Mr. Powell’s masters got the war they wanted, and it soon became apparent that none of his assertions had been true.

Until recently I assumed that the failure to find W.M.D., followed by years of false claims of progress in Iraq, would make a repeat of the snow job that sold the war impossible. But I was wrong. The administration, this time relying on Gen. David Petraeus to play the Colin Powell role, has had remarkable success creating the perception that the “surge” is succeeding, even though there’s not a shred of verifiable evidence to suggest that it is.
. . .
Above all, we should remember that the whole point of the surge was to create space for political progress in Iraq. And neither that leaked G.A.O. report nor the recent National Intelligence Estimate found any political progress worth mentioning. There has been no hint of sectarian reconciliation, and the Iraqi government, according to yet another leaked U.S. government report, is completely riddled with corruption.

But, say the usual suspects, General Petraeus is a fine, upstanding officer who wouldn’t participate in a campaign of deception – apparently forgetting that they said the same thing about Mr. Powell.

First of all, General Petraeus is now identified with the surge; if it fails, he fails. He has every incentive to find a way to keep it going, in the hope that somehow he can pull off something he can call success.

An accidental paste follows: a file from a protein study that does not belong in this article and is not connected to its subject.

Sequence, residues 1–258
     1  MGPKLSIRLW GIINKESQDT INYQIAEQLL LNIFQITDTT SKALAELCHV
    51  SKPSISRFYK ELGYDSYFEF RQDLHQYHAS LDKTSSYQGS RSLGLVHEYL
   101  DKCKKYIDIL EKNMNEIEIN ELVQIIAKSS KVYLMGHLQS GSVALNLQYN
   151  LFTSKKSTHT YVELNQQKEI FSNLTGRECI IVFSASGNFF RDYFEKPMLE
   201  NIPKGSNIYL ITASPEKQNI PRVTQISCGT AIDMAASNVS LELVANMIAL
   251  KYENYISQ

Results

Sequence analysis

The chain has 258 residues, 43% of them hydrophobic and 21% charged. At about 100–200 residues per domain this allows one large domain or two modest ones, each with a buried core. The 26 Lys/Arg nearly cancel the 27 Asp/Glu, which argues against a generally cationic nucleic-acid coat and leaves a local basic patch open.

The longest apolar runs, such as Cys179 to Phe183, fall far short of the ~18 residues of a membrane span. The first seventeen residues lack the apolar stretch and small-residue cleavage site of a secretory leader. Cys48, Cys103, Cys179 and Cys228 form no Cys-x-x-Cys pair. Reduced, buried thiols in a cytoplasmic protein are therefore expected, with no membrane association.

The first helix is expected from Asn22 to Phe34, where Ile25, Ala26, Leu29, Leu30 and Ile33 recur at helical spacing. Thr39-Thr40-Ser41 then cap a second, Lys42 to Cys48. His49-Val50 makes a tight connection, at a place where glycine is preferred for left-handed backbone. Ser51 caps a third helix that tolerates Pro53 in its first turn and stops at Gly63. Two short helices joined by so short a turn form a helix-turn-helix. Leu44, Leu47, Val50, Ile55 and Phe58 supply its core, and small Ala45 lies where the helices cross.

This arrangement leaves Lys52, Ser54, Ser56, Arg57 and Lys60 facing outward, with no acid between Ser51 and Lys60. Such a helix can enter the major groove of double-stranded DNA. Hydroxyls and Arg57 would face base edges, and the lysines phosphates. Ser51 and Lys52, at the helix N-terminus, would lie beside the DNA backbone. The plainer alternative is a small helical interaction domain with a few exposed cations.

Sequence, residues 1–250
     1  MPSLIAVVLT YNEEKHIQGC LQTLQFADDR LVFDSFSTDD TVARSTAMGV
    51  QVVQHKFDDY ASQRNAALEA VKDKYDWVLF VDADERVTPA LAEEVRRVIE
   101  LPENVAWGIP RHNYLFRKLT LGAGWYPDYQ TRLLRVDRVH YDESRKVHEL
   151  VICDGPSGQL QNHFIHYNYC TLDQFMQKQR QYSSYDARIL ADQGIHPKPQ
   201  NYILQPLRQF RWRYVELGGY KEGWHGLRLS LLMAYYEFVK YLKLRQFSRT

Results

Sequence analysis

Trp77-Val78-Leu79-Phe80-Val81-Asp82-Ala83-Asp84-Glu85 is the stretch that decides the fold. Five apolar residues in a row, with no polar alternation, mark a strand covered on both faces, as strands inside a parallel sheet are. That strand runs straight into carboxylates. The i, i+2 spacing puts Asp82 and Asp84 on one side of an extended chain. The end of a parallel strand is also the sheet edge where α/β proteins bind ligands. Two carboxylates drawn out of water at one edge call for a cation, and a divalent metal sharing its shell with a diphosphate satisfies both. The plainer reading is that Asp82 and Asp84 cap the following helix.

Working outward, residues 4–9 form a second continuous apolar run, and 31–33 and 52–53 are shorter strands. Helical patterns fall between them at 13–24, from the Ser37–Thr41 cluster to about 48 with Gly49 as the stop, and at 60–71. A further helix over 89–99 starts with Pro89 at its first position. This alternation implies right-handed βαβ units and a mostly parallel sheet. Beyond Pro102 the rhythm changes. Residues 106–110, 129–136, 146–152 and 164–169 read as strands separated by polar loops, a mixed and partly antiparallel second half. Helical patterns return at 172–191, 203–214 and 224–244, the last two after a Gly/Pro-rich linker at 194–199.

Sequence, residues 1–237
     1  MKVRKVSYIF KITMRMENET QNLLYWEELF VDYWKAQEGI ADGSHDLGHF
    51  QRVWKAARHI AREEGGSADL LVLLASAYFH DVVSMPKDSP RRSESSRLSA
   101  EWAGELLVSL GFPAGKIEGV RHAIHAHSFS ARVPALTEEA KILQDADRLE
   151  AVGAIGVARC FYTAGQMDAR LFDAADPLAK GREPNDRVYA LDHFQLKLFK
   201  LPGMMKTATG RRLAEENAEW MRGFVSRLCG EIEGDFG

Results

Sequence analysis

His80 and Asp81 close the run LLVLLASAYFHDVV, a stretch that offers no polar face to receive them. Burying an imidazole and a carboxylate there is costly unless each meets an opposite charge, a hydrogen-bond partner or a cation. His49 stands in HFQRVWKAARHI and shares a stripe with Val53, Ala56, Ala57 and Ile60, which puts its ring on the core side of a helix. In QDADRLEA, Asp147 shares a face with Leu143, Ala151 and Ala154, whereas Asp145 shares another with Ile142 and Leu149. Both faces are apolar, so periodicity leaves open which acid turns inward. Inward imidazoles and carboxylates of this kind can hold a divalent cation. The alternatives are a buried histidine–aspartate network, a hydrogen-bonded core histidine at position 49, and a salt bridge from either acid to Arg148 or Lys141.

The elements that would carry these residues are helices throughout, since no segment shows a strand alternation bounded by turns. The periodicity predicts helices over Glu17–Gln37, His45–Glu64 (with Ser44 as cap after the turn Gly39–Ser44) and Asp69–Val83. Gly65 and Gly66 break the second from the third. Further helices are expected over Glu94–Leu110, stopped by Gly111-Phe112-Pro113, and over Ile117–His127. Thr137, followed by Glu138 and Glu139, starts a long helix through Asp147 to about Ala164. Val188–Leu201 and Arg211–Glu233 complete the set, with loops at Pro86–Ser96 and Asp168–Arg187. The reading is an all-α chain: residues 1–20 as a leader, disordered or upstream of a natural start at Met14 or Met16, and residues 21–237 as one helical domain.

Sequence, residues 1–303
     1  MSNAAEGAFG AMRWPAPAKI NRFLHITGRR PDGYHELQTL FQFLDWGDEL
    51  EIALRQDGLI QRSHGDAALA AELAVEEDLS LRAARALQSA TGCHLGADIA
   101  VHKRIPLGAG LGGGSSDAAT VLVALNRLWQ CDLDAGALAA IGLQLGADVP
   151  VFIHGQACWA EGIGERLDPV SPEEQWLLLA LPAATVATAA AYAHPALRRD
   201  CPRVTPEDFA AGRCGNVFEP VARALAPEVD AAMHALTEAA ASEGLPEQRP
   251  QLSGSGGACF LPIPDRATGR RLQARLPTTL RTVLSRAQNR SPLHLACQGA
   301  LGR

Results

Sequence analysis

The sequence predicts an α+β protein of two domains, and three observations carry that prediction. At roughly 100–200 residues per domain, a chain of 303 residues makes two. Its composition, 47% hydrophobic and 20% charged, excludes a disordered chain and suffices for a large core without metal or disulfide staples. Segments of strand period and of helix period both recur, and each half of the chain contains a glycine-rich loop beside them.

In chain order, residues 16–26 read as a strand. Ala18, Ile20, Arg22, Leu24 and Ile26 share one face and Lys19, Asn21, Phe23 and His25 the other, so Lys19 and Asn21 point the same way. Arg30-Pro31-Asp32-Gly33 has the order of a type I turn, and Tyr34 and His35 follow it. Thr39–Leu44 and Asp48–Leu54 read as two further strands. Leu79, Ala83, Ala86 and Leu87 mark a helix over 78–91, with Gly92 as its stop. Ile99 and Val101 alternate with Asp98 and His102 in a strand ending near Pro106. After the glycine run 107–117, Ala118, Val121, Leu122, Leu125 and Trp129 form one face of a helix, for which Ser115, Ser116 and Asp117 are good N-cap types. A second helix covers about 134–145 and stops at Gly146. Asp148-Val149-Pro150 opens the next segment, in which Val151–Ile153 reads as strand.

And General Petraeus’s history also suggests that he is much more of a political, and indeed partisan, animal than his press would have you believe. In particular, six weeks before the 2004 presidential election, General Petraeus published an op-ed article in The Washington Post in which he claimed – wrongly, of course – that there had been “tangible progress” in Iraq, and that “momentum has gathered in recent months.”

Is it normal for serving military officers to publish articles just before an election that clearly help an incumbent’s campaign? I don’t think so.

Petraeus seems to be following in the Powell mode, knowing that for a nation desperate to have people in public life that they think are honorable, acting as if he is a competent, impartial, military, ‘just-the-facts’ person almost guarantees public relations success, despite it becoming increasingly clear that he is very much a political actor, advancing his career by working both the political and media tracks.


  1. says

    Don’t you think it’s a little odd that you lambast the “adoring media” on one hand, but then turn around and cite the LA Times regarding the actual source of the reports contents?

  2. says


    It is not at all odd. Although I dig around and read a lot of diverse sources, I try as much as possible to cite sources in the mainstream media because the general public views them as more credible. And you can usually find good, solid information in them. The catch is that those accurate bits are isolated and swamped by the rubbish, so that the overall impression is quite different. See my detailed series on how the media propaganda model works. (Look down the right side headings for items about filters).

    For example, while the LA Times mentioned this item almost in passing, you would be hard-pressed to find a lot of other media sources highlighting it.